TOKYO — New opportunities have already emerged for American telecommunications firms to increase annual sales to Japan from around $110 million last year to $1 billion within the next three or four years, a high U.S. government official said Friday.
The official, who insisted on not being identified, told American reporters that the transformation of state-owned Nippon Telegraph and Telephone Corp. (NTT) into a private-style company last Monday has made Japan's telecommunications market "80% as open as ours."
A wealth of new opportunities for U.S. firms already has opened up, the official said, despite the barriers being tackled in a new round of U.S.-Japanese negotiations aimed at reducing the number of Japanese technical standards and improving outside access to local decision-making.
This second set of negotiations for full access to the telecommunications market is scheduled to end no later than June 1.
'Double or Triple'
Japan's telecommunications market "could double or triple" in value in three or four years, with U.S. firms standing a good chance to gain a 15% market share within that period--or about $1 billion in sales, the official predicted.
The biggest opportunities, he said, will come in equipment sales and in running what are called "value-added networks" here (in the United States they are called "enhanced services"). Until last Monday, large-scale value-added services were an NTT monopoly.
Last year, the United States had a deficit of about $1.4 billion in U.S.-Japan telecommunications trade; U.S. firms sold only about $110 million worth of goods here, Japanese sold about $1.5 billion worth of telecommunications products in the United States.
Overall, the 1984 American trade deficit with Japan reached $36.9 billion, and will amount to at least $40 billion in 1985, the official said. He added that the $40-billion estimate is "the bottom of the range of predictions."
U.S. Phones in Japan
In ending a 105-year government telephone monopoly, Japan did not go as far as the United States wanted in liberalizing its telecommunications market, he said. But "they have gone a long way," he added.
Japan, he said, is one of only three countries in the world, including the United States, where homeowners now can purchase American-made telephones. The newly reorganized Nippon Telegraph and Telephone Corp. started selling two models of American-made phones this week.
The outlook for Japan's buying its first American-made communications satellite--a point expected to be mentioned in Prime Minister Yasuhiro Nakasone's fifth "market-opening" package to be announced Tuesday--has also brightened, the official said. Sale of a single satellite would be worth between $60 million and $300 million, depending on type and size, he said.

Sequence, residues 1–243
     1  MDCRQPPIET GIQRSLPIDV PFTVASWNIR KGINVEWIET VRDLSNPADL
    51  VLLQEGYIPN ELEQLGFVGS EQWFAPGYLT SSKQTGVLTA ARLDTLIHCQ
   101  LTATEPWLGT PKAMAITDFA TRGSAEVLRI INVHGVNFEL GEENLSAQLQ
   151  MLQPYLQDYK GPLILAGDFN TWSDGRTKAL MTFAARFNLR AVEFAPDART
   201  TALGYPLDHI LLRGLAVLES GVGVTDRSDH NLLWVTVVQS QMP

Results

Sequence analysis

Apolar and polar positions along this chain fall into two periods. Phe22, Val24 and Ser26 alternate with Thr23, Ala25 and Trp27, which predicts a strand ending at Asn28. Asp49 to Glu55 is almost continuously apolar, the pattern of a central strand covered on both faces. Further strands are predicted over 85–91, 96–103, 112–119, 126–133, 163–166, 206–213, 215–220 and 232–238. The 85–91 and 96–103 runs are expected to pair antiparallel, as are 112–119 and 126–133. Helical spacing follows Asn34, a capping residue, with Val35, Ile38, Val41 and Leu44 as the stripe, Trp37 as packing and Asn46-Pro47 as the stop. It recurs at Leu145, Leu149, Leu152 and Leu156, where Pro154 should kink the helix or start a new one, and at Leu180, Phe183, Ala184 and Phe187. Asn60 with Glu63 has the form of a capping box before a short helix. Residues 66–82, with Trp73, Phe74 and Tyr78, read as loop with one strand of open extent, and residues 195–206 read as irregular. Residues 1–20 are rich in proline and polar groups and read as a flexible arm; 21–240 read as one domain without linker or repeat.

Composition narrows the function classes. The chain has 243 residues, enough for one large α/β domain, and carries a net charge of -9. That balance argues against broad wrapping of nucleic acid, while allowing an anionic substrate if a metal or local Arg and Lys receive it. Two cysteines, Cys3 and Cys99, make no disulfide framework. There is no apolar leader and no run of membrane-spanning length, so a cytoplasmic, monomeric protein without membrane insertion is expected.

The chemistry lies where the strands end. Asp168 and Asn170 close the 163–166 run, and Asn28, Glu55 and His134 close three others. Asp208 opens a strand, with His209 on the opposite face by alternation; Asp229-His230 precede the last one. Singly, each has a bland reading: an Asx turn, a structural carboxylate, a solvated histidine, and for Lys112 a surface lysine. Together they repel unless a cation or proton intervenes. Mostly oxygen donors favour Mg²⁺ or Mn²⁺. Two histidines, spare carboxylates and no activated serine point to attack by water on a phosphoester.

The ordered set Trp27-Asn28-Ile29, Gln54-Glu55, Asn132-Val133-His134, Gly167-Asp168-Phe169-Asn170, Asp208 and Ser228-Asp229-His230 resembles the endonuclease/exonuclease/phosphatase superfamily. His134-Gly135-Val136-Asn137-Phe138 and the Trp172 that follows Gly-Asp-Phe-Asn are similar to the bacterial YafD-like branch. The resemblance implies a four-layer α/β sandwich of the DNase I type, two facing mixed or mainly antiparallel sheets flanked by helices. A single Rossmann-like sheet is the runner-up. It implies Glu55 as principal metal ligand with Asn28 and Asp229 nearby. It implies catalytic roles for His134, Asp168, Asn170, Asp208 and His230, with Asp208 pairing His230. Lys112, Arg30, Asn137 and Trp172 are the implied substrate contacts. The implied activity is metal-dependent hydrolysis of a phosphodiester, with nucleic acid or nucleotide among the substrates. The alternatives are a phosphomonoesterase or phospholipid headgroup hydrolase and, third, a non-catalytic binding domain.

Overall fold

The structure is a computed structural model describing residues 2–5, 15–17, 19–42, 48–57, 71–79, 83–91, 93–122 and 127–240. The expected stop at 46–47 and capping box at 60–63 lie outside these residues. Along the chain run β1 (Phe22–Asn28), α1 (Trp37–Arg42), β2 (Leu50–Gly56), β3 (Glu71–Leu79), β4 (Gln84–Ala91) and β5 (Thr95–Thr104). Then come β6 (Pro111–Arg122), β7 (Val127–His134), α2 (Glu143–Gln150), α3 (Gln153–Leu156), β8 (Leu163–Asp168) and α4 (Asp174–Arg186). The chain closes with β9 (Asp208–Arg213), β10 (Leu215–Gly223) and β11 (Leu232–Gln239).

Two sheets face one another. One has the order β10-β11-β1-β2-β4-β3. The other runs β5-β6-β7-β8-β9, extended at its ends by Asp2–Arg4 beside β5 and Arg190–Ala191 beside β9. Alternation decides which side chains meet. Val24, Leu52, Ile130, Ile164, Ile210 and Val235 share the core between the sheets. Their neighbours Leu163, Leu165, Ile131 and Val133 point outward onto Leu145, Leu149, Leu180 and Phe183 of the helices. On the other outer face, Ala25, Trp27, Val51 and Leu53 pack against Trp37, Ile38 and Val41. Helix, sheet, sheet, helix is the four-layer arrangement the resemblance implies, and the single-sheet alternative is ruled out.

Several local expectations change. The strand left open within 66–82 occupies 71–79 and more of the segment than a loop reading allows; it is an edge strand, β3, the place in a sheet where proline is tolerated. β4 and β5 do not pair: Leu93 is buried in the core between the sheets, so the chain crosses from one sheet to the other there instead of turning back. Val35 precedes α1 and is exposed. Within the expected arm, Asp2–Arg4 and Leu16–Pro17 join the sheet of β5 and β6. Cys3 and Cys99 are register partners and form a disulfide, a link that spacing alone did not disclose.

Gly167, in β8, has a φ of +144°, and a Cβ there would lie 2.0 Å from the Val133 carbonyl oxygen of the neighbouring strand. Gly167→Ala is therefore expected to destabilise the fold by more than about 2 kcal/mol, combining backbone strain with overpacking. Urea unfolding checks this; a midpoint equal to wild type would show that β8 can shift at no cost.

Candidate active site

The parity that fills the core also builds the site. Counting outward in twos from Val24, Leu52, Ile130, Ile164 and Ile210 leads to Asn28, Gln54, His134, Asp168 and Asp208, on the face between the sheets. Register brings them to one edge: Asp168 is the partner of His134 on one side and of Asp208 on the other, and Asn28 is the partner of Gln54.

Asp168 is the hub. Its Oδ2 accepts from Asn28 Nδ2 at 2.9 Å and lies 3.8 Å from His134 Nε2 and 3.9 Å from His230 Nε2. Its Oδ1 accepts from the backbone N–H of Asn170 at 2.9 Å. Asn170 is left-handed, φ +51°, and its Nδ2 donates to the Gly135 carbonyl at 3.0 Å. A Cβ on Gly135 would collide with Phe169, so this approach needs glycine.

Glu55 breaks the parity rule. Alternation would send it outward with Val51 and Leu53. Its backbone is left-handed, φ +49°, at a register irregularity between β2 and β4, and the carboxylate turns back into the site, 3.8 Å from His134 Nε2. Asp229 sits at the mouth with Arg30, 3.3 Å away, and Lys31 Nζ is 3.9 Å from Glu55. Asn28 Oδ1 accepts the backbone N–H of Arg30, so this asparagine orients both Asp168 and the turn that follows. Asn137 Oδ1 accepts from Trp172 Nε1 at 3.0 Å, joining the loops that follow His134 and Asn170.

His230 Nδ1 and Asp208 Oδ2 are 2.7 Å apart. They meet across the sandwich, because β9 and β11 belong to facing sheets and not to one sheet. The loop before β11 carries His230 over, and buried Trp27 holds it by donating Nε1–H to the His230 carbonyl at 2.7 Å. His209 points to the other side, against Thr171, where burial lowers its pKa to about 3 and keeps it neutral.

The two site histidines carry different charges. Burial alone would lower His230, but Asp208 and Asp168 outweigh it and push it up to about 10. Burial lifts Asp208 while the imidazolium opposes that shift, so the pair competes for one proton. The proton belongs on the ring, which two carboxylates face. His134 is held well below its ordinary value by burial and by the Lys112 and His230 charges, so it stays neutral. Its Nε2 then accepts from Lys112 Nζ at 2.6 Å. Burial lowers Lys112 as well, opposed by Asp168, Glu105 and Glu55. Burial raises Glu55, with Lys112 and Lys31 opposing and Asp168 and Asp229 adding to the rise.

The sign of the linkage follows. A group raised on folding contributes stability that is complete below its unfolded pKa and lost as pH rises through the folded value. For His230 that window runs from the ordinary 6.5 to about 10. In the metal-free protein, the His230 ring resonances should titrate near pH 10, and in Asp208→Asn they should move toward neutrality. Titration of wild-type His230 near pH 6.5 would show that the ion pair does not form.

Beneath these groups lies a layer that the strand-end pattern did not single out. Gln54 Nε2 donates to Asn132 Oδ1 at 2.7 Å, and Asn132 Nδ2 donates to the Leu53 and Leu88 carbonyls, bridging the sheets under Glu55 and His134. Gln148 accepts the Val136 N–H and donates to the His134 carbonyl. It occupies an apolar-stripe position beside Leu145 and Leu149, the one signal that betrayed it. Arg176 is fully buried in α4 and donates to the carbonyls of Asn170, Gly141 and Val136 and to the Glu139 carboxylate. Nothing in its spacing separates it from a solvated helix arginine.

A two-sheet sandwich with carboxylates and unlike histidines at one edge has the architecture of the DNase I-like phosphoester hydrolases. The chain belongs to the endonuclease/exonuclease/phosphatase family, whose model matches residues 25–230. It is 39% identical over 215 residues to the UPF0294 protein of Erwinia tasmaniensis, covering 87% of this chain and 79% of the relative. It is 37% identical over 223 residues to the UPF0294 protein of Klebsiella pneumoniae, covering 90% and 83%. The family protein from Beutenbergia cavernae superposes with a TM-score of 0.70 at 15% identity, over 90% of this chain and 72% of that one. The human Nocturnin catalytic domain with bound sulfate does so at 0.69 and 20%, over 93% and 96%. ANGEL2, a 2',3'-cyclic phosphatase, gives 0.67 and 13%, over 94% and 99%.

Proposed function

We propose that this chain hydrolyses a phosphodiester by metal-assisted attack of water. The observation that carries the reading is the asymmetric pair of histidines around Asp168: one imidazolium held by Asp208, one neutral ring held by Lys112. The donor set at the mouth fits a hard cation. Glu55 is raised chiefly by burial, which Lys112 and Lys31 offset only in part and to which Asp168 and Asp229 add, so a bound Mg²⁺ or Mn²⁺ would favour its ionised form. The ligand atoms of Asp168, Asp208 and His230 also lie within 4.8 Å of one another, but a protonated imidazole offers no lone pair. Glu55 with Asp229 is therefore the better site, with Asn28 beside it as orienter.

The U.S. official predicted, however, that Nakasone's announcement Tuesday will bring few other reforms and that negotiations to gain full access to all of Japan's markets will be a "never-ending" process.
Japan, he said, was surprised by congressional passage of resolutions--and by the Senate Finance Committee's approval of a bill--calling for retaliation against Japan if it fails to open its markets. But Japanese leaders, although "still not sure," are beginning to think "it will blow over," he said.
The best thing Japan could do to calm emotions in Congress, he said, would be to take "effective--and perhaps painful--market-opening measures," but he said that such steps are unlikely Tuesday. The official said that "getting emotional" against Japan "doesn't do the slightest bit of good," and he advocated patient and consistent prodding "to keep the pressure on."
(U.S. Ambassador Mike Mansfield struck a similar note in an interview in Washington with the Washington Post. The U.S.-Japan relationship, he said "is too important to be disrupted by a wave of emotionalism . . . too valuable, too strong, too precious to let differences of the moment create a situation which we will be sorry for in the future."
(Mansfield said he is "disturbed at the way Japan is being made the scapegoat" for the United States' $123-billion trade deficit, $36.9 billion of which resulted from trade with Japan. Mansfield urged Congress and the Administration to work together to solve the country's own economic problems--the overvalued dollar, high interest rates and soaring budget deficits--that bear the major responsibility for the trade deficit.
(Ambassador Mansfield said the United States has achieved 90% of its objectives in talks to open the Japanese telecommunications market to American suppliers, and that the remaining 10% will be reached within three months, the Post reported.)